The Agenda outlines agency priorities, so a better gauge is the Federal Register, which depicts all agency rules. When one looks at Federal Register data, overall rules and significant rules from Trump’s first six months are way down compared to Obama.

 

Trump Final Rules Down Compared to Obama’s First Six Months. We can compare executive branch and independent agency rules the Trump administration has issued so far, to the same period under President Obama in 2016.

Six Months of Trump Regulations Compared to Obama (January 20-July 20)

                                                Rules                         Significant Rules                  

            Trump 2017                1,509                        99                                           

            Obama 2016               1,865                           173

The Trump administration, in six months, has issued 1,509 rules. Over the corresponding six months in 2016 (January 20-July 20), Obama issued 1,865 rules. Trump’s tally represents a 19 percent decrease.  

Again,  getting rid of a rule requires issuing a “rule” in order to comply with Administrative Procedure Act’s notice-and-comment requirements, so some of these numbers may obscure that some of Trump’s rules have been eliminations or delays of earlier rules that had not yet reached their effective date (this EPA example contains several). And new costs imposed by agencies must be zero. So it is dramatic that raw counts are down even in the face of “rules” that aren’t rules.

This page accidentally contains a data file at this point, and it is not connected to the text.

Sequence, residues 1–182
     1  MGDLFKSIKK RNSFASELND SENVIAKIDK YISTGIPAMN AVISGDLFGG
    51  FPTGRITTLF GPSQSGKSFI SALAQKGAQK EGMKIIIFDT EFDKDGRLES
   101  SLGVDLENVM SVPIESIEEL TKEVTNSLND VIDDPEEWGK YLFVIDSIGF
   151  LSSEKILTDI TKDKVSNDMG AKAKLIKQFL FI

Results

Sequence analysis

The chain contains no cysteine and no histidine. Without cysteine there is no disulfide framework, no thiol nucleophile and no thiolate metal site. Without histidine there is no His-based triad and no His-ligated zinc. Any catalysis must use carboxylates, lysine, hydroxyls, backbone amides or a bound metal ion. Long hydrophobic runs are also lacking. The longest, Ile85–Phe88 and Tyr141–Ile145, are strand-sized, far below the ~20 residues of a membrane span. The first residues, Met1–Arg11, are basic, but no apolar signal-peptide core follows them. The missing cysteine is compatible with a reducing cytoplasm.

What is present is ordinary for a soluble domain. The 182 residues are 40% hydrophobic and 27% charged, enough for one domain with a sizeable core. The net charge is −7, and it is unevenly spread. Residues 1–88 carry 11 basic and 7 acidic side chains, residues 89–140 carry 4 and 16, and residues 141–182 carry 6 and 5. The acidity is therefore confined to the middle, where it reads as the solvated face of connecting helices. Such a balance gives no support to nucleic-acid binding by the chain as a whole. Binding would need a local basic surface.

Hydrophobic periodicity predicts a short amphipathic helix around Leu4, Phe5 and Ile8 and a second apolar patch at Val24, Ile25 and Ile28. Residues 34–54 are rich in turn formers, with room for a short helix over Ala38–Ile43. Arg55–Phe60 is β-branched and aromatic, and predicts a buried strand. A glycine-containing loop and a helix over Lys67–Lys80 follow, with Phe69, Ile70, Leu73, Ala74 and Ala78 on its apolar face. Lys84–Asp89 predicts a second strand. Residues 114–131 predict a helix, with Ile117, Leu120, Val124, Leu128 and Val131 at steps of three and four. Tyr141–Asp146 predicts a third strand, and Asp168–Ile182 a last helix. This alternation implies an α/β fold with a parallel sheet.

Trump’s agencies have issued 99 significant” rules—those with at least $100 million in estimated annual impacts—during his first six months, while Obama’s issued 173 over the same six-month period in 2016, a decrease of 44 percent. Again, this does not take into account that often deferrals or freezes or whether rule costs have been offset.   

Rules in the pipeline are way down. What we just covered are rules finalized. Proposed rules are in the process of being created—that is, written and submitted to notice and comment. (Again, some of these will likely be efforts to revoke rules.)